• • • • •
Speaking of the coroner’s position, Ran Cochran, who currently holds the job, has submitted his resignation and is planning a move to Wasilla, Alaska.
Ran will “float” between Valley Funeral Home in Wasilla and Palmer and Anchorage Funeral Home in Anchorage.
He and daughter Sydney will move Aug. 4.
All the best, Ran and Sydney, on your new adventure. We’ll miss you.
• • • • •
As far as a replacement for the county coroner’s position, Kent Borchard, attorney for the county said Tuesday, “My understanding is that Ran had not included an effective date for his resignation and that he is going to give us a letter making the effective date Aug. 11. That works well as far as the commissioners are concerned, because, and I can’t speak for them, but more than likely they will probably appoint whoever wins the primary to fill the office until they take office in January.”
• • • • •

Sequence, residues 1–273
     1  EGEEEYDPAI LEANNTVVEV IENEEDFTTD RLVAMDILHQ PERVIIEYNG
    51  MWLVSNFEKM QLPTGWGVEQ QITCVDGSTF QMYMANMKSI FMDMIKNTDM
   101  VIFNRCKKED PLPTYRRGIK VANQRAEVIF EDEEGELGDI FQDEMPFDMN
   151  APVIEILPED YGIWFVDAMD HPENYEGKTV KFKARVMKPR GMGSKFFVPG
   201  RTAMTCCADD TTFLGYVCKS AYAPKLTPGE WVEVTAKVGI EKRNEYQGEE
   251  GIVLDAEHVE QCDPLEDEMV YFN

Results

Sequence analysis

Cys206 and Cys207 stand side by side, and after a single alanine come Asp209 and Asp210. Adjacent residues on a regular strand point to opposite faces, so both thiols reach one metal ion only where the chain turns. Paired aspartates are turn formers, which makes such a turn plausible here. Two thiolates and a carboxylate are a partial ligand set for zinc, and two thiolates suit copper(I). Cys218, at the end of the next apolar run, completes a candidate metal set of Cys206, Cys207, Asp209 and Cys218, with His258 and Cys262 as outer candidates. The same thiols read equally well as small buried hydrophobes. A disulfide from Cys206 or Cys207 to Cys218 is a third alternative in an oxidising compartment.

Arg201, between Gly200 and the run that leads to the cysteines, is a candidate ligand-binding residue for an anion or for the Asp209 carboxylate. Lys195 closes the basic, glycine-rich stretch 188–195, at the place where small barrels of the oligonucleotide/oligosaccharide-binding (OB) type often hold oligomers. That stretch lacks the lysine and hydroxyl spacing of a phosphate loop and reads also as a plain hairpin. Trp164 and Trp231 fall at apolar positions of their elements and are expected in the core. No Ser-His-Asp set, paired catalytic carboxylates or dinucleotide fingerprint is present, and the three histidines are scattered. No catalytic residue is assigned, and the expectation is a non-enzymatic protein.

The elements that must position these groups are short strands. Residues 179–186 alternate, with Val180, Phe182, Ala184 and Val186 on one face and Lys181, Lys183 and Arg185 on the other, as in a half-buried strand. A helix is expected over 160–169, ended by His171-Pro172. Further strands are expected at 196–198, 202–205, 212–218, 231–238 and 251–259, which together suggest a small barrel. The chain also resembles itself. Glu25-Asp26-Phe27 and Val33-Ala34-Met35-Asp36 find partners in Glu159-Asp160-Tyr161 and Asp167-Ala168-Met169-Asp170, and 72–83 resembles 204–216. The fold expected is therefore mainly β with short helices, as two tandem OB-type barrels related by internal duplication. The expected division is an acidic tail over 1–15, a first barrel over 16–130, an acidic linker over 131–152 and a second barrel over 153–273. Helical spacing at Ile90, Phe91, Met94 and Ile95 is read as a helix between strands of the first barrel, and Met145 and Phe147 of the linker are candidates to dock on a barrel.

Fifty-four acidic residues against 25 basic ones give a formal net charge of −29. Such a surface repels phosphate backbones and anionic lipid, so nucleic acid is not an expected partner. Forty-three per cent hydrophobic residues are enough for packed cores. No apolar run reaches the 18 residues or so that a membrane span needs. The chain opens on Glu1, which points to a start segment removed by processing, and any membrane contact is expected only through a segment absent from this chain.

Doug Pfau, former Meeker School District superintendent, who recently had his contract terminated by the school board after one year, is still job hunting. He had interviewed for the principal’s position at Rangely Junior/Senior High.
“No news,” Pfau said over the weekend. “I haven’t heard that I don’t have it, but I haven’t heard that I do. I have a few other applications out there. But the rest of them, there are no other administrative applications. The rest are teaching positions.”
Pfau said his wife, Meg, will return to Grand Valley High School in Parachute, where she had been a teacher before coming to Meeker.
“She was really happy down there, and so was (daughter) Cody. At least those two will go back to Grand Valley. Meg will teach math. Me and the (two) boys will stay here for now and see what happens. If nothing (opens up), they’ll go to Grand Valley. They already know a lot of the kids there,” Pfau said.